In a speech at the London School of Economics in June this year, Antonio Caesese, the President of the International Criminal Tribunal for the Former Yugoslavia, spoke about the century's greatest forgotten massacre and the role of the 'Justice Commandos of the Armenian Genocide' in drawing it to the world's attention. Though provision had been made in the Treaty of Sèvres in 1920 to bring the Turkish-perpetrators to trial, the impetus soon weakened and in the place of justice came punishment by the Commandos, who sought out and murdered leaders of the Young Turks in Germany in 1921-22. The aim of the Commandos - and this was Caesese's point - was not primarily revenge. Their most famous member, Soghomon Tehlirian, surrendered voluntarily to the police, hoping that a public trial would make the world more aware of the massacre. Tehlirian was tried, and acquitted, by a Berlin court - but even so the story of the slaughter all but disappeared from the historical record. Antonio Caesese recalled Hitler's reported appeal to his worried colleagues when they doubted they could get away with a 'final solution': 'After all, who today speaks of the annihilation of the Armenians?'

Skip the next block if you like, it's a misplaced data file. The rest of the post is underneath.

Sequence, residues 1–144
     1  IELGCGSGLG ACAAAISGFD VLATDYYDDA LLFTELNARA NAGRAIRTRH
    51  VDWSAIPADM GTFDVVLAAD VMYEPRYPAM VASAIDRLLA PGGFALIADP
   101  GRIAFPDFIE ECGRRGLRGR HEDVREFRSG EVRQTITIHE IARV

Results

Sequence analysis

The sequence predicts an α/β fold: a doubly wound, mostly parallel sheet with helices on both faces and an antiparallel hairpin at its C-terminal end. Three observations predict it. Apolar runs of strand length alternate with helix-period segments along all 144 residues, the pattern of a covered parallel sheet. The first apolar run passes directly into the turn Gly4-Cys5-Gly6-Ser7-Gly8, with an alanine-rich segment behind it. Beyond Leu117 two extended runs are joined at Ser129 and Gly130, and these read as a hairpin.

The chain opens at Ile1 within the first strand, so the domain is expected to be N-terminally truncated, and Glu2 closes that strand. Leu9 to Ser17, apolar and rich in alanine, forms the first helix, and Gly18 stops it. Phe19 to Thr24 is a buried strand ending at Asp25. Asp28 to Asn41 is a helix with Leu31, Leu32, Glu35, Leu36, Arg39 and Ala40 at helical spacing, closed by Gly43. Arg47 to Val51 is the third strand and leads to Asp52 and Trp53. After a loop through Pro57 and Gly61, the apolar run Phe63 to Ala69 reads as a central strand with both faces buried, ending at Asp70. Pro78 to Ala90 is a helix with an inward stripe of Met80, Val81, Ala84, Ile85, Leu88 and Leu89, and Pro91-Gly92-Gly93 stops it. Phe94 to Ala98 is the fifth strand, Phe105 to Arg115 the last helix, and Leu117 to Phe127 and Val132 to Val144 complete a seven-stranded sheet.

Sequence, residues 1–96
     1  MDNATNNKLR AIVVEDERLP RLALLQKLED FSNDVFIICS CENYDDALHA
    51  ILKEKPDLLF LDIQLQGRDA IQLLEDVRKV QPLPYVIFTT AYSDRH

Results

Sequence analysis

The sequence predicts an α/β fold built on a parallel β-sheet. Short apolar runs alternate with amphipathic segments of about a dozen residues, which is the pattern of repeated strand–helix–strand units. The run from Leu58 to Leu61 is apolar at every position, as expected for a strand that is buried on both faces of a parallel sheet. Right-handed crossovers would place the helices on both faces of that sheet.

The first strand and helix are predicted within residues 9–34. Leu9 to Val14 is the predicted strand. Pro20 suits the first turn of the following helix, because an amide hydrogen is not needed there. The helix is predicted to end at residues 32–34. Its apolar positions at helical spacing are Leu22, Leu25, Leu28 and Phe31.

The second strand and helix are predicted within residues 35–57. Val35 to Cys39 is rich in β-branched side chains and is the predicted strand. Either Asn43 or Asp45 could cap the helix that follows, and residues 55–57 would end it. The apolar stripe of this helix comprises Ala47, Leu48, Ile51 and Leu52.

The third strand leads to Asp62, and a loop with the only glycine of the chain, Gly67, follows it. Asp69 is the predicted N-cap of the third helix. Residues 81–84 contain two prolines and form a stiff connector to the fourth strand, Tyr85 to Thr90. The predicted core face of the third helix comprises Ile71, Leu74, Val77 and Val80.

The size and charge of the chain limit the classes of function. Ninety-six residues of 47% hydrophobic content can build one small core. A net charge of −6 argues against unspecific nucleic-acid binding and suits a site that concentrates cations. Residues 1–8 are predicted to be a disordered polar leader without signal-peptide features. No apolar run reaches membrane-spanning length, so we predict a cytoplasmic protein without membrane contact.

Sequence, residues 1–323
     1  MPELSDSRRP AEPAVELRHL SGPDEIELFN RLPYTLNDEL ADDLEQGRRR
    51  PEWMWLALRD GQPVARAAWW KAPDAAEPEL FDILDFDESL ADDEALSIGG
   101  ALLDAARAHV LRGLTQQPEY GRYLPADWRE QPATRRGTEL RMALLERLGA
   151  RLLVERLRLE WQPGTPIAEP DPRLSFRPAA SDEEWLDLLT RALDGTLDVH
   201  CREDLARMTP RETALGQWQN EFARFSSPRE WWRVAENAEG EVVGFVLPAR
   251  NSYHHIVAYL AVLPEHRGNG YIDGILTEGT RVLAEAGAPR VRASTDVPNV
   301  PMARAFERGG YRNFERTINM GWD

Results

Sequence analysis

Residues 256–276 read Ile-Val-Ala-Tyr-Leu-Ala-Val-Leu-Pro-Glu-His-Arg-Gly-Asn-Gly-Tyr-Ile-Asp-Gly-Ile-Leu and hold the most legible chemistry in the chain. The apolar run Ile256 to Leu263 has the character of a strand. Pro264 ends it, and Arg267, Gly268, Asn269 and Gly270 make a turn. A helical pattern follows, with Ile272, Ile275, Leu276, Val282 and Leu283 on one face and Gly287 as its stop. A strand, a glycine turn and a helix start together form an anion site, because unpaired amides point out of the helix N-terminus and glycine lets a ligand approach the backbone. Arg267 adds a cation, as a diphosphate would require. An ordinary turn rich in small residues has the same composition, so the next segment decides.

LRB 11 December 1997 | PDF Download